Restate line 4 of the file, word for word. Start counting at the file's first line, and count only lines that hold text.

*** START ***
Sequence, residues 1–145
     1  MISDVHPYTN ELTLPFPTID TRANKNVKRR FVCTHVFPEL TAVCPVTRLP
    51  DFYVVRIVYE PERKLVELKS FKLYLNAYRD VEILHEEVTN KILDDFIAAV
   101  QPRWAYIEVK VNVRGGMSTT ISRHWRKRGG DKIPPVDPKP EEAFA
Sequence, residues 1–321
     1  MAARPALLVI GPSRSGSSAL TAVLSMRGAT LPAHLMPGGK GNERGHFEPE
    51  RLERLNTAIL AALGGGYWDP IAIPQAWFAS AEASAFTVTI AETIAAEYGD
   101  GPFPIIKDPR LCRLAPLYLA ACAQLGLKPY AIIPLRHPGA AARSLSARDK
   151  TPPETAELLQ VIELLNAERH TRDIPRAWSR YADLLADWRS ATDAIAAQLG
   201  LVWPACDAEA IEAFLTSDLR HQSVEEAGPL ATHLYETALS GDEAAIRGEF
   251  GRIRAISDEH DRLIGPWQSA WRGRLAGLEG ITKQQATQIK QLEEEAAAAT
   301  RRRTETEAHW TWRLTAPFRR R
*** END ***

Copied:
   101  QPRWAYIEVK VNVRGGMSTT ISRHWRKRGG DKIPPVDPKP EEAFA